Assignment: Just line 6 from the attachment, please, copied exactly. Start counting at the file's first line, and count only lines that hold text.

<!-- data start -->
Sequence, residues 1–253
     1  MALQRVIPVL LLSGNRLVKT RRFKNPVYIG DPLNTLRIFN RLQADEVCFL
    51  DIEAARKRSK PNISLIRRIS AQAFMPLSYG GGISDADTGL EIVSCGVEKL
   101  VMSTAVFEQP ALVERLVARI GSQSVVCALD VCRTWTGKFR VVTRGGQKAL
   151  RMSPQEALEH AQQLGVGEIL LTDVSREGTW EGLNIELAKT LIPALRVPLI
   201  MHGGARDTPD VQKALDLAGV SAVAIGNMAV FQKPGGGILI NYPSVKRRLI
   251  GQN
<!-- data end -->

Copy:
   201  MHGGARDTPD VQKALDLAGV SAVAIGNMAV FQKPGGGILI NYPSVKRRLI